It’s a low-cost and simple solution mostly leveraging a system that’s already in place. It also maximizes the usage of all elevators (gets people to work more quickly, saves time and frustration). It’s also logical!


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Irrational Decisions in Disasters: The Behaviors of Evacuation

Watching the news, there seems to be a cataclysm in play somewhere any day of the week. Among them are the wildfires scorching parts of California. News reports often feature people in evacuation who are scrambling to fetch personal items from their homes as the danger creeps closer to home. I’m rather intrigued by what people grab from their endangered home in this context. I am unable to find a deliberate study of this emotionally charged decision scene. It strikes me as a valuable scenario to understand the role of emotion in forced decision situations.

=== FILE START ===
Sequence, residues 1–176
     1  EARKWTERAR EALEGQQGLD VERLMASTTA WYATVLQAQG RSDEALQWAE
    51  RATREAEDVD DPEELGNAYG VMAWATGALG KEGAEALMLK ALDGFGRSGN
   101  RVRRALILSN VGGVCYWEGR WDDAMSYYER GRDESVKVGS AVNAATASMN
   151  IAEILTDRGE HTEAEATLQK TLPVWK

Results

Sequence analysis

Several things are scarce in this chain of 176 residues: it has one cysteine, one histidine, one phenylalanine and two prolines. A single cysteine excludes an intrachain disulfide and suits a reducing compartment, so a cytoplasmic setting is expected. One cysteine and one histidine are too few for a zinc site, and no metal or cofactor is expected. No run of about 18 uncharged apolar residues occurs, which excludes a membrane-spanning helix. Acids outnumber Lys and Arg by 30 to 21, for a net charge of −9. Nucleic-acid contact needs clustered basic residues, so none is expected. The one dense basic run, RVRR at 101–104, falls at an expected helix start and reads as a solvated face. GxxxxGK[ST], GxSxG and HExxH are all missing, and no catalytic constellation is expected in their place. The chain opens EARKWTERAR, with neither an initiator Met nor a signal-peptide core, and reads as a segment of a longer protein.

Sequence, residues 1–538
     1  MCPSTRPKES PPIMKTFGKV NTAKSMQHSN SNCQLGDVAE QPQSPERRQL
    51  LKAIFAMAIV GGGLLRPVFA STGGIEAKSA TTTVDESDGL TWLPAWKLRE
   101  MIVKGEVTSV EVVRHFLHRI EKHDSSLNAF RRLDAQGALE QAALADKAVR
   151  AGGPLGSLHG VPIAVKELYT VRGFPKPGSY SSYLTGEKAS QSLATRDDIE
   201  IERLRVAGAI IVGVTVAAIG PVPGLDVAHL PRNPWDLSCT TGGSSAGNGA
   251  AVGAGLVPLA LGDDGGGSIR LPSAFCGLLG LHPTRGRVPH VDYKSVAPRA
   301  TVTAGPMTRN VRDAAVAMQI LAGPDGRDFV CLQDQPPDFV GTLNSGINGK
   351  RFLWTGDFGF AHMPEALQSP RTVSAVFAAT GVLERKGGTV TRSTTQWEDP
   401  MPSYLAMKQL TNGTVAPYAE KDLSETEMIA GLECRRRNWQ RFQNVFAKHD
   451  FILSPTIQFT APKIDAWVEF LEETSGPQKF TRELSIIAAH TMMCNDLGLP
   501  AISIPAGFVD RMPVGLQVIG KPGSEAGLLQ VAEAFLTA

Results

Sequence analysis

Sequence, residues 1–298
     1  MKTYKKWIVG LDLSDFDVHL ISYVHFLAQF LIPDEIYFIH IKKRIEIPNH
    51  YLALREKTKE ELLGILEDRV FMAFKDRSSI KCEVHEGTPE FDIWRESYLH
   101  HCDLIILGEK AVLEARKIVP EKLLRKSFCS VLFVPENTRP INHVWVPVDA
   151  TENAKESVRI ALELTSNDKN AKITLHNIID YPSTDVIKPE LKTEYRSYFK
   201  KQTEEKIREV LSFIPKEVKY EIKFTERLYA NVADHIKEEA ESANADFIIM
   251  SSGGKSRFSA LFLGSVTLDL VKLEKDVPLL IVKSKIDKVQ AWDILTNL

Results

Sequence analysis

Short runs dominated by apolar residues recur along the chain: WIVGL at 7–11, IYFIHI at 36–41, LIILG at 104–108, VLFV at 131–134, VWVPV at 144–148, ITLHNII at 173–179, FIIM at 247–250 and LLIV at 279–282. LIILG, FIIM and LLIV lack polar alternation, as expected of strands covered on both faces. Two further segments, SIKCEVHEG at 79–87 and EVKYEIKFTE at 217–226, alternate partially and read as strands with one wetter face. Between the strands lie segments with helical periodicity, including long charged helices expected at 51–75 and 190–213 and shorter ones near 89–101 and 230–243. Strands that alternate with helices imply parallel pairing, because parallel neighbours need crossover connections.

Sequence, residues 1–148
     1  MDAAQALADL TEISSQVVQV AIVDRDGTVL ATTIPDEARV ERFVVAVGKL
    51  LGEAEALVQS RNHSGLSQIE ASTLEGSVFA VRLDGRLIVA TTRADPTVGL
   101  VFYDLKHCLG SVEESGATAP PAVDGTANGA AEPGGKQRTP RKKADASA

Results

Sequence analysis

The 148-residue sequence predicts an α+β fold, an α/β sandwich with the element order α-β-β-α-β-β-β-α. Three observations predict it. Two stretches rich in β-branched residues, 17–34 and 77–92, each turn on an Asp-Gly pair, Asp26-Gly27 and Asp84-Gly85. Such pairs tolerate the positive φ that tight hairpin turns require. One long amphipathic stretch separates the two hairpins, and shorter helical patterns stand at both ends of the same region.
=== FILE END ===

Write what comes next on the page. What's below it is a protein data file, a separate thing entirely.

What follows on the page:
Usually, evacuees have little control over the following parameters in responding to request to retrieve personal items before vacating. For example, the event that triggers the entire scenario is out of anyone’s control as the is the announcement of the  impending evacuation. Added to that, an official from law enforcement or the government establishes the deadline for vacating one’s home, and evacuees will only be allowed to return at some unknown future date. Unless there is no place to which they can return.